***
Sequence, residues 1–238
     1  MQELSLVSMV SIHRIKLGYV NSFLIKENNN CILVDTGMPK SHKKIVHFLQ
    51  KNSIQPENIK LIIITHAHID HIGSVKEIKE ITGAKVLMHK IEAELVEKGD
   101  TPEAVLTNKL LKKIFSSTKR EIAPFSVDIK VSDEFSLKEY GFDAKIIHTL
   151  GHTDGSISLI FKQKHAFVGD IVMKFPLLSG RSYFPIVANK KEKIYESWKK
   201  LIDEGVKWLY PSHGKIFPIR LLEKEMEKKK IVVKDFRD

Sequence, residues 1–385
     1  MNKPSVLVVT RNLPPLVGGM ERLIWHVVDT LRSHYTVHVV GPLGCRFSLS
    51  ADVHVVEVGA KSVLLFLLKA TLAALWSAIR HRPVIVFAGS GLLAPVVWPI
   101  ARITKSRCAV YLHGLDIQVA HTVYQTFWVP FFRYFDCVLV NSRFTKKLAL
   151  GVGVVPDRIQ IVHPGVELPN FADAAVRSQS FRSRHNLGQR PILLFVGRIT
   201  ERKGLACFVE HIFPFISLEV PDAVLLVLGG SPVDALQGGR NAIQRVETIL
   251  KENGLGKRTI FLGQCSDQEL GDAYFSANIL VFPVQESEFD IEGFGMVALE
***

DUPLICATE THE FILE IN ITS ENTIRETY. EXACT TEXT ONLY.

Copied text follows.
Sequence, residues 1–238
     1  MQELSLVSMV SIHRIKLGYV NSFLIKENNN CILVDTGMPK SHKKIVHFLQ
    51  KNSIQPENIK LIIITHAHID HIGSVKEIKE ITGAKVLMHK IEAELVEKGD
   101  TPEAVLTNKL LKKIFSSTKR EIAPFSVDIK VSDEFSLKEY GFDAKIIHTL
   151  GHTDGSISLI FKQKHAFVGD IVMKFPLLSG RSYFPIVANK KEKIYESWKK
   201  LIDEGVKWLY PSHGKIFPIR LLEKEMEKKK IVVKDFRD

Sequence, residues 1–385
     1  MNKPSVLVVT RNLPPLVGGM ERLIWHVVDT LRSHYTVHVV GPLGCRFSLS
    51  ADVHVVEVGA KSVLLFLLKA TLAALWSAIR HRPVIVFAGS GLLAPVVWPI
   101  ARITKSRCAV YLHGLDIQVA HTVYQTFWVP FFRYFDCVLV NSRFTKKLAL
   151  GVGVVPDRIQ IVHPGVELPN FADAAVRSQS FRSRHNLGQR PILLFVGRIT
   201  ERKGLACFVE HIFPFISLEV PDAVLLVLGG SPVDALQGGR NAIQRVETIL
   251  KENGLGKRTI FLGQCSDQEL GDAYFSANIL VFPVQESEFD IEGFGMVALE